Deaths due to acute respiratory illness

22% of deaths were twins

Death from acute respiratory problems include hyaline membrane disease, pulmonary hypertension, pulmonary haemorrhage and pulmonary hypoplasia. Deaths attributable to chronic lung disease were not included in this group.

Deaths due to sepsis

26% of deaths were twins

Deaths attributed to either early or late onset sepsis. These include deaths that occur in either the acute or subacute phase of illness. For example, an infant that progressed to subsequent organ failure as a result of sepsis would be classified as a death due to sepsis. These deaths were not differentiated by causative organism.

Deaths due to IVH

19% of deaths were twins

Any death attributable to Grade 3 or higher intraventricular and/or intracerebral haemorrhage. This includes deaths following redirection of care following a major haemorrhage.

Common patterns and trends in sudden unexpected neonatal collapse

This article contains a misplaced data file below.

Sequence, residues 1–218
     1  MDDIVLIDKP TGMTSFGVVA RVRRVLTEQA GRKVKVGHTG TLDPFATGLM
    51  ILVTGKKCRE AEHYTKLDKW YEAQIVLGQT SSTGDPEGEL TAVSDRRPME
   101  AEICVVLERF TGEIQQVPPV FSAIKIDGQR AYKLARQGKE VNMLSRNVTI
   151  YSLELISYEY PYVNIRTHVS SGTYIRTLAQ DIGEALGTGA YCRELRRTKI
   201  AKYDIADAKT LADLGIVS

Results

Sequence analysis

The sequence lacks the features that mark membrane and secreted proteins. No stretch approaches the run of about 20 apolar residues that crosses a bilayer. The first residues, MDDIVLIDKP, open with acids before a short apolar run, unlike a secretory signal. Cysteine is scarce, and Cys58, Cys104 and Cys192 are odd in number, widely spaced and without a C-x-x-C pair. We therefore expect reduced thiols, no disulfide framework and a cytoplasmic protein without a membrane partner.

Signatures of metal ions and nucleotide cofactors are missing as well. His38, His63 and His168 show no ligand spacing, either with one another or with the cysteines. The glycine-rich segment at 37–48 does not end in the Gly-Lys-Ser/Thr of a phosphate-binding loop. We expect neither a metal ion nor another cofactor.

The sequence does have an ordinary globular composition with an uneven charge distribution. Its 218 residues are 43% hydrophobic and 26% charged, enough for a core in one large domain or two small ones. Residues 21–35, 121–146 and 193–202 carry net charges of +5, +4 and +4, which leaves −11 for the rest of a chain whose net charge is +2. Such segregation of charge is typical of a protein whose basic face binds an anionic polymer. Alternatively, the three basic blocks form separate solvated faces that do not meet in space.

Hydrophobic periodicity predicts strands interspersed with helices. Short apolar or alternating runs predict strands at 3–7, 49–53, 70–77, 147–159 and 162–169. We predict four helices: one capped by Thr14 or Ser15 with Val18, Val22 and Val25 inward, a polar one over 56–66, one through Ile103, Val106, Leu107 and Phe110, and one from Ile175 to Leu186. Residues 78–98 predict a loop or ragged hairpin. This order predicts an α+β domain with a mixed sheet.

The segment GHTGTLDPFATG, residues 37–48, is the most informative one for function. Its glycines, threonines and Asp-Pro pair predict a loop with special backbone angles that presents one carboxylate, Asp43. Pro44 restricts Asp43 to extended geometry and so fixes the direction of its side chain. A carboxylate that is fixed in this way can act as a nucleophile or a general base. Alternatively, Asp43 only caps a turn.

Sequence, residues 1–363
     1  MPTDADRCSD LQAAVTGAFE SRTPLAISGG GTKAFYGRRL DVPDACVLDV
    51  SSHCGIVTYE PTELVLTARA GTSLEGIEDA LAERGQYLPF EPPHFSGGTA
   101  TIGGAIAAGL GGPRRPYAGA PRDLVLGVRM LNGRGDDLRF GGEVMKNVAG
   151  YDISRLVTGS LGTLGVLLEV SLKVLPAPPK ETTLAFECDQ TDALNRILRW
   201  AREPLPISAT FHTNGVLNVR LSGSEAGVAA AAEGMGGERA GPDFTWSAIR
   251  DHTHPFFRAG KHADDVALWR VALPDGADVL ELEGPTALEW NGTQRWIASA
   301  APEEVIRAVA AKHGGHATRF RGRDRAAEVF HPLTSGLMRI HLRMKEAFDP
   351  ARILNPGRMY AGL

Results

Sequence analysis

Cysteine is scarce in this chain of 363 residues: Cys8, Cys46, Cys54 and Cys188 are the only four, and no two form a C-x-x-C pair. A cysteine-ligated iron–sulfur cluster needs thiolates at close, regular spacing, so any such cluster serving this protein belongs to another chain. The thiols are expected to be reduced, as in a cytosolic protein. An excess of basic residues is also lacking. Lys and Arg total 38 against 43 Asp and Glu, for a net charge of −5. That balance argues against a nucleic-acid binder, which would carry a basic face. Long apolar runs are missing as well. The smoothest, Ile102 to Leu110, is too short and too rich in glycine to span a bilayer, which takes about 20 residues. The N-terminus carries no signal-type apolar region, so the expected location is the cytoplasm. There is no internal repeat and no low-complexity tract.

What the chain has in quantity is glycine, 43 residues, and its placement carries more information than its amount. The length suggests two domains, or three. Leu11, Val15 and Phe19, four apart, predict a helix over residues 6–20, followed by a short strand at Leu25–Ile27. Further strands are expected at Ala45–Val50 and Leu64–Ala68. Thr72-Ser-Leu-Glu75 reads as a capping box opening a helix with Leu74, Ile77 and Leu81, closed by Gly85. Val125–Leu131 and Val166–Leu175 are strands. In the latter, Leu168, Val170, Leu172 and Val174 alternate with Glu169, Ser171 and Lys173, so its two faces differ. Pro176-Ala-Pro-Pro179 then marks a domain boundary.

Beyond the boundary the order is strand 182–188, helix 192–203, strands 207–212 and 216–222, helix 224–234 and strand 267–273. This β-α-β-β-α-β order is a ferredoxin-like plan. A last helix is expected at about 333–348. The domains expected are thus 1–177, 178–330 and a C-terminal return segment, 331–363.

The following relates to a study attempting to identify antecedents to a diagnosis of cerebral palsy by retrospectively analysing 1182 records from the no‐fault Japan Obstetric Compensation System for Cerebral Palsy database.  The group identified 45 patients (3.8%) who were subsequently diagnosed with severe cerebral palsy due to sudden unexpected postnatal collapse (SUPC). All the patients were healthy at birth, based on the criteria of five‐minute Apgar scores of seven or more, with normal umbilical cord blood gases and no need for neonatal resuscitation within five minutes of birth (Miyazawa et al., 2019).  A particularly interesting finding was that of the 45 patients, 10 developed sudden unexpected postnatal collapse during early skin‐to‐skin contact (SSC). Medical personnel were not present in all 10 cases: nine were being breastfed at the time and eight of the mothers did not notice their infant's abnormal condition until medical staff alerted them.  This finding is relevant as the testimony given by the parents in this case is treated with particular sensitivity, owing to the traumatic circumstances of the case.  However, such an approach may result in a failure to appropriately identify antecedents to later collapses.  Similar to the case at CoCH, a higher proportion of the infants were male (57.8%), and issues with resuscitation were prevalent.  Resuscitation was initiated within two hours of birth in 11 (24.4%) infants and within 24 hours of birth in 31 (68.9%) infants.  More relevant to the case at CoCH, though, was the finding that of the ten infants that suddenly collapsed during skin-to-skin contact, eight developed SUPC during the night-time or in the early morning shift.  In nearly every instance, the infants were being breastfed at the same time.  This correlation between night-time feeding and collapse is not unique, as ~85% of SUPC occurs during the night-time hours and subsequent to the infant being fed (Blair et al., 2006).